access to the water sheet and a new form of conveyance across Fort Point Channel to the south of Summer Street as a variation
of the Channel's celebrated mechanical bridges.
comprise pairs of counter rotating diaphragms, hinged together at a center pivot and to other pairs, supported by standard
dock floats. A rack and pinion mechanism engages vertical pilings or the Channel sea wall to harness the kinetic rising and
falling with the tides, extending and retracting the Piers. As the tides lift and drop the floating Piers, pinions located
at the pier anchorage engage a vertical rack fixed to either the sea wall or pilings. A drive train translates the rotation
of the pinions to the anchored ends of the Pier platforms, spreading or contracting the Pier ends and retracting or extending
the Piers. The switchback ramp system required to bring visitors from the top of the sea wall down to the water sheet shares
the visual language of the criss-crossed Pier diaphragms. Each Diurnal Pier will have LED illumination at its joints
adding to the after dark glitter of lights on the Channel, emphasizing the compression and the extension of the Pier through
the changing distances between the lights as the Piers extends and retracts. Eventually different Pier configurations and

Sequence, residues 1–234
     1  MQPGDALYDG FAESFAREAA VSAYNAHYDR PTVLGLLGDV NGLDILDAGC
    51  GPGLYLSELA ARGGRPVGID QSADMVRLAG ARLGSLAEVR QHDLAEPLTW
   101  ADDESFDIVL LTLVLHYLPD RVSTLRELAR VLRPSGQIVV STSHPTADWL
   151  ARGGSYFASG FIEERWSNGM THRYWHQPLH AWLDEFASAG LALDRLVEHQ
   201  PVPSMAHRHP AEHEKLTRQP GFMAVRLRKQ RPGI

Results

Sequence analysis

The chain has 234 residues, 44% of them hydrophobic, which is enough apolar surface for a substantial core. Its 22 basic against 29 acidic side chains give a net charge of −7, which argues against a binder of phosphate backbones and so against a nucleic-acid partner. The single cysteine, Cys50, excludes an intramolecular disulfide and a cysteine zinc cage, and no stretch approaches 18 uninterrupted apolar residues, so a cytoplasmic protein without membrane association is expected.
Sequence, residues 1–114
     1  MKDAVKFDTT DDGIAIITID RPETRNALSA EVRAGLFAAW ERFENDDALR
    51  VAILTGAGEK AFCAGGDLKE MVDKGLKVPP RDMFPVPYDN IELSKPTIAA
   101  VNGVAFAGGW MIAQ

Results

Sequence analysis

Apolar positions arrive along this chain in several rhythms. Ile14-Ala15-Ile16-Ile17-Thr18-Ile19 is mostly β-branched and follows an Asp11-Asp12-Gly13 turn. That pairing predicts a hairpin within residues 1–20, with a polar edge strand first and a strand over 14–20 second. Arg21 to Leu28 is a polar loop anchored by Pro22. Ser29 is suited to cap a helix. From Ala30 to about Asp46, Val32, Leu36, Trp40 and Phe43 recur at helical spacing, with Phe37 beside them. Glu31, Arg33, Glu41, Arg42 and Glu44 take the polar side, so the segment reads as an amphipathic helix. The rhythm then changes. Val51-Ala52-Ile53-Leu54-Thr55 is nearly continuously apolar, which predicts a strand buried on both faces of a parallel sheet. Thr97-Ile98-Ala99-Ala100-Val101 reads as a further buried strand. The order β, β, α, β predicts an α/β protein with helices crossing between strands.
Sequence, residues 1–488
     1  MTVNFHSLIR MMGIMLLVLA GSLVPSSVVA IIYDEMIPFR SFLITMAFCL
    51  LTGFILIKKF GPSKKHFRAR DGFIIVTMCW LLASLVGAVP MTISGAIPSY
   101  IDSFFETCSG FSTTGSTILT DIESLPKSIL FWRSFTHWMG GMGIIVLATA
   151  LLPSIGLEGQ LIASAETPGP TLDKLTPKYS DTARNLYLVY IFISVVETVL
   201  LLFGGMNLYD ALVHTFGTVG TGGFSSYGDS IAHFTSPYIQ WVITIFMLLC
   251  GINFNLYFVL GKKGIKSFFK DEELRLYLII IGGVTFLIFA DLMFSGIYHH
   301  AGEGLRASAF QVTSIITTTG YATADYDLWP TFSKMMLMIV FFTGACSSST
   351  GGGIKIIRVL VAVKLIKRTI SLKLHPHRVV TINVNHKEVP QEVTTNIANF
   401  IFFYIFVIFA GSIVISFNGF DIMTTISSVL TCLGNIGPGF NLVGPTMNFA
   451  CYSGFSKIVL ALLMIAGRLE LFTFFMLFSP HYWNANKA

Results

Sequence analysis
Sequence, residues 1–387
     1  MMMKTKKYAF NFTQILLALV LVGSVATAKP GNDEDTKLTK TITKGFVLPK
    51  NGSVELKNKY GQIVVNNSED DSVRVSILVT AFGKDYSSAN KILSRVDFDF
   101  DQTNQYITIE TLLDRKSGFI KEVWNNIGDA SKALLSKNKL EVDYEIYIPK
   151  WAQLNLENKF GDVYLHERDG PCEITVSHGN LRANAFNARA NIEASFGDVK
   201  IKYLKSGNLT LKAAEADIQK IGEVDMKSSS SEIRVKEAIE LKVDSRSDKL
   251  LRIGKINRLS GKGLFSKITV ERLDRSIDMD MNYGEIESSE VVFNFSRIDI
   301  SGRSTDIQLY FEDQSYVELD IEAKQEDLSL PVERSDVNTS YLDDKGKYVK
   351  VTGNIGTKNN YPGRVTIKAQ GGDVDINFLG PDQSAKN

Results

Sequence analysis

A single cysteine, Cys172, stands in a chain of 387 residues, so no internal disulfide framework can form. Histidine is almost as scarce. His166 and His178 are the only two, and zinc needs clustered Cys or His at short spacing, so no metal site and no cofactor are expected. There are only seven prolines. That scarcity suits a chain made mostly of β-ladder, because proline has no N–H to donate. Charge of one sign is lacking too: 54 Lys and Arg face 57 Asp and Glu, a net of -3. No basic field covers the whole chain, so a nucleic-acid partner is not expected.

pairings could activate the Channel along its entire length, with various programs such as fresh water swimming pools or beverage
and food bars deployed on floating platforms attached to the ends of the piers.
Diagram showing the changing Boston
shoreline and movable Channel bridges.
Our proposal acknowledges the incredible importance of Boston's seafaring past by alluding to both
the piers that bristled from the city's shores, and to the unique bridges that opened and closed as cargo vessels shipped
with the tides. The Fort Point Channel bridges are a national engineering treasure, represent an incredibly diverse and imaginative
negotiation of conveyances on land and water, the mechanisms of turning gears, wheels, and counterweights echoing the Newtonian
clockwork of the solar system, the diurnal rotations of the earth and moon that gives us the cycles of the tides, syncopated
with day and night, work and play. The piers extend out into the water as a celebration of voyage and crossing, the reach
of imagination, a freight of ideas, and the possibility of reconciling technological aspirations with an experience of the
Deployment of 1"=1'-0" prototype
in the Charles River.
Special thanks to Beth Baniszewski, Michael Kyes, David Porter, David Rubino, and James Vayo.